In 1952, Aughton Street Boys’ School closed down and was transferred to the new premises at Greetby Hill. Tommy was delighted with the modern appointments of the new school, particularly the spacious play areas and football pitches.

It was a great change from the old days of soccer games on the park with jackets for goalposts,” he recalles

But the new school brought changes in other ways, for at Aughton Street only boys were taught and now, for the first time. Tommy had to teach mixed classes.

“But we soon settled down to the modern methods and different teaching techniques,” said Tommy, who, 10 years ago started running the annual schools’ trip to the Schoolboy International match at Wembly. This trip has become the highlight of the year for most boys and is eagerly looked forward to.

Tommy leads a busy life outside school hours. He is married-he met his wife, Eve, in Golders Green, London, during his army days and the couple have one daughter, Marion, who is 22 and is employed by Barclays Bank at Preston. Marion next year marries Mr T. Ashcroft of Mere Brow.

A native of Tarleton, Tommy has been a member of the Tarleton Methodist Church all his life. He is a lay preacher in the Ormskirk Methodist Circuit and is president of the Tarleton Methodist Men’s Fellowship and a keen choir member.

Mrs Tindsley and daughter Marion are both Sunday School teachers.

In spite of the fact that he has always been a keen soccer player, Tommy also played cricket for Tarleton C.C. and was secretary of that club until he retired from the post about 5 years ago, after 21 years service.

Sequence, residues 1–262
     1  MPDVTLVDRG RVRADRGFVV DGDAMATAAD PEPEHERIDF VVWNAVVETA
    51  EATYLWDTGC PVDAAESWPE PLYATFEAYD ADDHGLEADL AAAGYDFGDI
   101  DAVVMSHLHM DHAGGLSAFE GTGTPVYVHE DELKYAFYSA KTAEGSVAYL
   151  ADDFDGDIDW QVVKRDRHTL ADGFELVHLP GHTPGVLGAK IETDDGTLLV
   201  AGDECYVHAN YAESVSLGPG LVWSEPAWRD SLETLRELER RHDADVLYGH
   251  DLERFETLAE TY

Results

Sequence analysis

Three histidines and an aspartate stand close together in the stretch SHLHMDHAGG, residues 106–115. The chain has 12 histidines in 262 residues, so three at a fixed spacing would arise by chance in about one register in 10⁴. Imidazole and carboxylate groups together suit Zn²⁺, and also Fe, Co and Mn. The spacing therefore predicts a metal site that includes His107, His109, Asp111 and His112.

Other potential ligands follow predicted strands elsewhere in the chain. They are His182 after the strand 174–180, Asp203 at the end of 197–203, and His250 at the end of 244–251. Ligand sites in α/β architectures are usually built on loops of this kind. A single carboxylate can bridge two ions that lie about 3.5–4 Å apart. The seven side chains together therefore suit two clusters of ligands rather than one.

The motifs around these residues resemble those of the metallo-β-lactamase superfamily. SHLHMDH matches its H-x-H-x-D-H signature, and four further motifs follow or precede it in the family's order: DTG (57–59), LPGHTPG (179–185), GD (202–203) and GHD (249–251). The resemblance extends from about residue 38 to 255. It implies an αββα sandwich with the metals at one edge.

Right from his boyhood days, however, he has been a keen fan of Preston North End and, as he say: “I’m still a season ticket holder in spite of North End’s declining fortunes.”

Speaking of modern teaching methods in todays schools, Tommy points out that while discipline is still maintained, “It has mellowed some what since the time when I started at Aughton Street.” He looks forward to the time when Greetby Hill has its own swimming pool and he speaks highly of the town’s efforts to provide one.

“This will be a tremendous amenity for many of the schools in the area and it will, of course, cut down a great deal of traveling time,” he says.

Tommy Tindsley is loved by his pupils and respected by all those who remember his skill on the soccer field.

A man of deep religious convictions, he is trusted by parents to teach the children to be studious and, above all, to play the game.

One thought on “Tommy Tindsley

  1. thank you,I have often wondered about Mr T.I played football for school in the 4th year 1961-62 Mr T used to join in at practices and now and then blast the ball past our petrified keeper hitting the brewery wall.That year we lost to lordsgate 3-2 in the annual cup match Alan Cocks scored the winner for them. Mr T also used to teach gardening especially the growing of vegetables.I was also convinced Mr T played for Wolves but that is now proved wrong(after 50 years). Thanks once again.